Rachel Gross of the New York Times writes, the first sign is the smell: smoky, like a campfire, with a hint of urine. The second is the koala’s rear end: If it is damp and inflamed, with streaks of brown, you know the animal is in trouble. Jo, lying curled and unconscious on the examination table, had both.
Jo is a wild koala under the purview of Endeavour Veterinary Ecology, a wildlife consulting company that specializes in bringing sick koala populations back from the brink of disease. Vets noticed on their last two field visits that she was sporting “a suspect bum,” as the veterinarian Pip McKay put it. So they brought her and her 1-year-old joey into the main veterinary clinic, which sits in a remote forest clearing in Toorbul, north of Brisbane, for a full health check.
Ms. McKay already had an inkling of what the trouble might be. “Looking at her, she probably has chlamydia,” she said.
Humans don’t have a monopoly on sexually transmitted infections. Oysters get herpes, rabbits get syphilis, dolphins get genital warts. But chlamydia — a pared-down, single-celled bacterium that acts like a virus — has been especially successful, infecting everything from frogs to fish to parakeets. You might say chlamydia connects us all.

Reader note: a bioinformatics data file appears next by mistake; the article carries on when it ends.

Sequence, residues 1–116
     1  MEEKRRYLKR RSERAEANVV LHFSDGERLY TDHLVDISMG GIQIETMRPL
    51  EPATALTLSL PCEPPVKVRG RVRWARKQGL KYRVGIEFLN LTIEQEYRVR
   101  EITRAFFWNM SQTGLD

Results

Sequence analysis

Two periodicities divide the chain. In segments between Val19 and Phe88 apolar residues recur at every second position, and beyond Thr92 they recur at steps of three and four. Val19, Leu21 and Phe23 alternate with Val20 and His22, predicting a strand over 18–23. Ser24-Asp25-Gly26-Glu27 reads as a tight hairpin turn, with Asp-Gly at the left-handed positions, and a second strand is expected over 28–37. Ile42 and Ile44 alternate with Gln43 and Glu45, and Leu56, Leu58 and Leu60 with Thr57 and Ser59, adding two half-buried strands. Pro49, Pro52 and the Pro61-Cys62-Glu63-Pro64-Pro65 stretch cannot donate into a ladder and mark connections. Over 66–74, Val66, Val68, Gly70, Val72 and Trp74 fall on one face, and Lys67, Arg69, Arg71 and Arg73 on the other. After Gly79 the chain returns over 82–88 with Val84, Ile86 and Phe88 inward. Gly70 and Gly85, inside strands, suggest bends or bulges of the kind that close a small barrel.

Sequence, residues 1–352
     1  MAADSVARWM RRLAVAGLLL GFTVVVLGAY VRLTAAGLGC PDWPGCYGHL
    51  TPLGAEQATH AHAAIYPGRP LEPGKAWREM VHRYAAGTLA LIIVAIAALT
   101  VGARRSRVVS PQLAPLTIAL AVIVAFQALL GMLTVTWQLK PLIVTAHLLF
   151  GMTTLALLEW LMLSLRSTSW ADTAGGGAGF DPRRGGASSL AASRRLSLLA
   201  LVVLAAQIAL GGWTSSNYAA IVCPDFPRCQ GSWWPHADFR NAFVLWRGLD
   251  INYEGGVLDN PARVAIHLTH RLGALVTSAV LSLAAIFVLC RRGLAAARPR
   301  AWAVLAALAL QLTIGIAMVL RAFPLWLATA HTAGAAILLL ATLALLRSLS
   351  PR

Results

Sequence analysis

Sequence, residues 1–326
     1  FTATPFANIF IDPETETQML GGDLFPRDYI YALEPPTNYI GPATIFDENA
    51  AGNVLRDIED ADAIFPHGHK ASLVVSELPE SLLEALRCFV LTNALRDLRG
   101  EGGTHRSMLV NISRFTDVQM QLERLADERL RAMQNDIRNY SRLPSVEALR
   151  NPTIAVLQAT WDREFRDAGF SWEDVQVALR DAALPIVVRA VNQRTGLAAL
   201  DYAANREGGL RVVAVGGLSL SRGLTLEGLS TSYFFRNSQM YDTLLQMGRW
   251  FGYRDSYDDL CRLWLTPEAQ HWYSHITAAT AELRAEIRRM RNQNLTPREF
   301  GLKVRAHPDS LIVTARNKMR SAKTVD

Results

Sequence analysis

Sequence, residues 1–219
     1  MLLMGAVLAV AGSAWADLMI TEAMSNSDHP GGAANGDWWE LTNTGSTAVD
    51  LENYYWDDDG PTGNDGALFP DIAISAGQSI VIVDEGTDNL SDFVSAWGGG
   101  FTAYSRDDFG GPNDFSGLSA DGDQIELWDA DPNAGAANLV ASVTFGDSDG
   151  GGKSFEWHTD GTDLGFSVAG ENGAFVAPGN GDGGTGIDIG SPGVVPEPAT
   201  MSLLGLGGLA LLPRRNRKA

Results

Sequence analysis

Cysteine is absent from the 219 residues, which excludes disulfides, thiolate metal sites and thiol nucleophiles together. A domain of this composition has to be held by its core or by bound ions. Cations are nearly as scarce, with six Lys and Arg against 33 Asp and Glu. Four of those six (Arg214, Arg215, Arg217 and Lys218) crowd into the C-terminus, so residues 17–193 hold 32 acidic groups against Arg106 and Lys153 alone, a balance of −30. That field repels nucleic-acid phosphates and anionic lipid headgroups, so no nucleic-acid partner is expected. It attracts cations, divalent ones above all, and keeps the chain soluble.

This shared susceptibility has led some scientists to argue that studying, and saving, koalas may be the key to developing a long-lasting cure for humans. “They’re out there, they’ve got chlamydia, and we can give them a vaccine, we can observe what the vaccine does under real conditions,” said Peter Timms, a microbiologist at the University of Sunshine Coast in Queensland. He has spent the past decade developing a chlamydia vaccine for koalas, and is now conducting trials on wild koalas, in the hopes that his formula will soon be ready for wider release. “We can do something in koalas you could never do in humans,” Dr. Timms said.
In koalas, chlamydia’s ravages are extreme, leading to severe inflammation, massive cysts and scarring of the reproductive tract. In the worst cases, animals are left yelping in pain when they urinate, and they develop the telltale smell. But the bacteria responsible is still remarkably similar to the human one, thanks to chlamydia’s tiny, highly conserved genome: It has just 900 active genes, far fewer than most infectious bacteria.